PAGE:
The European Union has threatened to impose sanctions on a number of US imports unless Washington repeals its anti-dumping law.
The EU won the right to impose trade tariffs earlier this year
Trade tariffs could be imposed early next year if the so-called Byrd Amendment is not repealed, EU spokeswoman Arancha Gonzalez said.
The amendment allows fines paid by firms who dump goods to be given to the companies that made the complaint.
The World Trade Organisation ruled in 2002 that the amendment was illegal.
The outgoing US Congress "has this week and the next" to repeal it, Ms Gonzalez said.
The EU presented the WTO with a list of products that could be hit with extra duties, focusing on what Ms Gonzalez described as sensitive items which "could help Congress focus its mind on compliance".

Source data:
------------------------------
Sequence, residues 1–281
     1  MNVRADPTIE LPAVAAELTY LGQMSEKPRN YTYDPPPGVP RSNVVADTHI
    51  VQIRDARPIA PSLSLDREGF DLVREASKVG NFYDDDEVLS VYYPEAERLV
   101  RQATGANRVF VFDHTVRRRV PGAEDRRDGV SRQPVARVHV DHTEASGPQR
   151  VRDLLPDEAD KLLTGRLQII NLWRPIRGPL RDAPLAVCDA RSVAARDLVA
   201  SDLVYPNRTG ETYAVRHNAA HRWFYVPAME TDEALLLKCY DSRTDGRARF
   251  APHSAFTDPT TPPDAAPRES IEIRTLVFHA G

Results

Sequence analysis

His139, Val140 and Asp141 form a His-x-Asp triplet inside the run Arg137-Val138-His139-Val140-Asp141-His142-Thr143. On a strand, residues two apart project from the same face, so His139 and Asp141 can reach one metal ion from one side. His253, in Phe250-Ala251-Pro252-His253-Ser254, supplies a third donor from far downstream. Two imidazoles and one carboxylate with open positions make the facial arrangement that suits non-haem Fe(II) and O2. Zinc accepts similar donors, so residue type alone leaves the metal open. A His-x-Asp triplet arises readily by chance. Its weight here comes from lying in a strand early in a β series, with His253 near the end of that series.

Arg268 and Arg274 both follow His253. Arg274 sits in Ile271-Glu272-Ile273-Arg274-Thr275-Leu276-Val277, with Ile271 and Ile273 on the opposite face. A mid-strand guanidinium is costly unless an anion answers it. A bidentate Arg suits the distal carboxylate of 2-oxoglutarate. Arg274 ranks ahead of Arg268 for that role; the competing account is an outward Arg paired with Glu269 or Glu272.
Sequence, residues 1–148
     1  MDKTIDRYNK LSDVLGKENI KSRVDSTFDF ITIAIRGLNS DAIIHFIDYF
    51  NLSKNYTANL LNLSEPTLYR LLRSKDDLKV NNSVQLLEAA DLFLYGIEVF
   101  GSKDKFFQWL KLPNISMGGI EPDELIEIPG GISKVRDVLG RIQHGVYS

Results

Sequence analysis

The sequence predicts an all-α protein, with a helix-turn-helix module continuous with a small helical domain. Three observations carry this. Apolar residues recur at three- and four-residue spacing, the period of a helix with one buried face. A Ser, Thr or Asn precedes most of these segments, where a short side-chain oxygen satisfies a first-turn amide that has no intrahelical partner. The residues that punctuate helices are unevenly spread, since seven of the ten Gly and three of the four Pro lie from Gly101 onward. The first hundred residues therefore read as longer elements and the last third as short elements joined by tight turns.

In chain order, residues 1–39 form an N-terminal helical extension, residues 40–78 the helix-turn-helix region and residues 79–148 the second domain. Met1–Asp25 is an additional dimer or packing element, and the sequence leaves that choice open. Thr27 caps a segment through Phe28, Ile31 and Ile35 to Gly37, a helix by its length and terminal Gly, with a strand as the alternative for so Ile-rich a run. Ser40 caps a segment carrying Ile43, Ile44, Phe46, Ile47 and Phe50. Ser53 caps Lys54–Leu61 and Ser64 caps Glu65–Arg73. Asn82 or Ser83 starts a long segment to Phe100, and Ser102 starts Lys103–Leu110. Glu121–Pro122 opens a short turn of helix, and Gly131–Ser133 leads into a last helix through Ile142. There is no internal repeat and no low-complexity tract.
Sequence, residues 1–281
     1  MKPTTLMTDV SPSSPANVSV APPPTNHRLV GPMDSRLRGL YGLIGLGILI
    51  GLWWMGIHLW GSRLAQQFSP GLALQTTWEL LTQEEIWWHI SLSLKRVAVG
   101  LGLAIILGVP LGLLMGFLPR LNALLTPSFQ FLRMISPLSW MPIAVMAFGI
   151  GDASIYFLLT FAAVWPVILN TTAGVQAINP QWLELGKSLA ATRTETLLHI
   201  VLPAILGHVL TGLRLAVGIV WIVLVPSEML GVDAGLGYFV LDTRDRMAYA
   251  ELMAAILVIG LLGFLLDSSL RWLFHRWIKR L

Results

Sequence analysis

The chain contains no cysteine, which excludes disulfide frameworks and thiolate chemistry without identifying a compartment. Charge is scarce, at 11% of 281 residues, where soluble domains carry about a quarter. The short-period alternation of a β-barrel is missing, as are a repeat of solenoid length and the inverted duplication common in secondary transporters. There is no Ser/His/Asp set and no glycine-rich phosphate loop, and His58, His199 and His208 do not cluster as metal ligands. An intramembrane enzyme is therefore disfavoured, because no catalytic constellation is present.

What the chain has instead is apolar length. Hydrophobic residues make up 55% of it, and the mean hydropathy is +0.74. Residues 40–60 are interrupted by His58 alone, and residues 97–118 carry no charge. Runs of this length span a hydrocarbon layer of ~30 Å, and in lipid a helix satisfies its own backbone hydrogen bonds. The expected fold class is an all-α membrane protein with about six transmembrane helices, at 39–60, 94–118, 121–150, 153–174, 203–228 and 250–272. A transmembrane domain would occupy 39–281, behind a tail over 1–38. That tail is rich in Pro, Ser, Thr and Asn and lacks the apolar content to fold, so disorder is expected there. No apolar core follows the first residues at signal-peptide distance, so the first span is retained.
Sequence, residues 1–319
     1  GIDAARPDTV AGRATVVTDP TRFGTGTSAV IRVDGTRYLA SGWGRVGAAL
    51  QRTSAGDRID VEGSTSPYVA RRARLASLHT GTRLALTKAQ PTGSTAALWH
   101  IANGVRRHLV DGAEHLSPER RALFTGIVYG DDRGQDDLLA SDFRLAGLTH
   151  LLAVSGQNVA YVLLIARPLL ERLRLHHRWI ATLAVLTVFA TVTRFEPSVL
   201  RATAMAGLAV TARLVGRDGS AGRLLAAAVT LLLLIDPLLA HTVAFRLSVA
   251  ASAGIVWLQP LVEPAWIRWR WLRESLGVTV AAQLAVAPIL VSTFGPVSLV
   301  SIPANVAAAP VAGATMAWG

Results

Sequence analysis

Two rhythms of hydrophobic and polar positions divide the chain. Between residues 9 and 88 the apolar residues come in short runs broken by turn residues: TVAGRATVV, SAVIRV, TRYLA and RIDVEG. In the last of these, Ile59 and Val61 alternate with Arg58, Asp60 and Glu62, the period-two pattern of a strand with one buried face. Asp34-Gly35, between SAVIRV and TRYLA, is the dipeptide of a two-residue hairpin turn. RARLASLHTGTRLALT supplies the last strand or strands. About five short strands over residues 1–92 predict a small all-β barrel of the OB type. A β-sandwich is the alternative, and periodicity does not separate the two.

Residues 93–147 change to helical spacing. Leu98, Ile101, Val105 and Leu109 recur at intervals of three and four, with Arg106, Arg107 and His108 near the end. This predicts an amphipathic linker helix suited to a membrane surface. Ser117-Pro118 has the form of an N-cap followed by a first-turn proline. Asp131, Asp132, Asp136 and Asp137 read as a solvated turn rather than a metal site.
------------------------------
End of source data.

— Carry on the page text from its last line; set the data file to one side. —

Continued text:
The list includes textiles, sweet corn and heavy machinery.
India, Japan and South Korea have also submitted lists of potential targets, including fish, nuts, apples, soap and glassware, the Associated Press news agency reported.
and seven other countries won the right to retaliate against US duties under the amendment in August.
The WTO ruled that they could introduce measures which penalised the US for up to 72% of the revenue raised and distributed through the controversial amendment.
A final deadline for applying the trade sanctions will be set at a meeting with the WTO in Geneva on 24 November.
The EU, Japan, Canada, Brazil, India, Mexico, Chile and South Korea argue that Byrd Amendment gives US companies an incentive to complain and is therefore against WTO anti-dumping agreements.
The US believes that companies which export products at a price below what they normally charge on their home market puts unfair competition on domestic producers.